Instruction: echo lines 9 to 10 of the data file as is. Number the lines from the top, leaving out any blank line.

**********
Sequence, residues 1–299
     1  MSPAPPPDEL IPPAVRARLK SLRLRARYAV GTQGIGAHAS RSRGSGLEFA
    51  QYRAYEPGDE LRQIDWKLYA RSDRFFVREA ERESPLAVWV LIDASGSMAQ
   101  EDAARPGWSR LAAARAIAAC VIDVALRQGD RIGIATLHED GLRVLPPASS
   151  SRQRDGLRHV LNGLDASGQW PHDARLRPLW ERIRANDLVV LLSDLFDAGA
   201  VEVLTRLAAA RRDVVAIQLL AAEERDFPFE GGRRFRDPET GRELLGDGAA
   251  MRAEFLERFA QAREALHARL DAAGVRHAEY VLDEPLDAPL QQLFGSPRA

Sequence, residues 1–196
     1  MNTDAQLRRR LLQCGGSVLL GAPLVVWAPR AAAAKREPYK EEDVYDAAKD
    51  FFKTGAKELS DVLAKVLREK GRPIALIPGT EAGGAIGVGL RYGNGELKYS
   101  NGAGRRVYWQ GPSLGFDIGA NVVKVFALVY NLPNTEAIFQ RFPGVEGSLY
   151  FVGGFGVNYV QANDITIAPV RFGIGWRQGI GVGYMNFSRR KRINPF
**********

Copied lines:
     1  MNTDAQLRRR LLQCGGSVLL GAPLVVWAPR AAAAKREPYK EEDVYDAAKD
    51  FFKTGAKELS DVLAKVLREK GRPIALIPGT EAGGAIGVGL RYGNGELKYS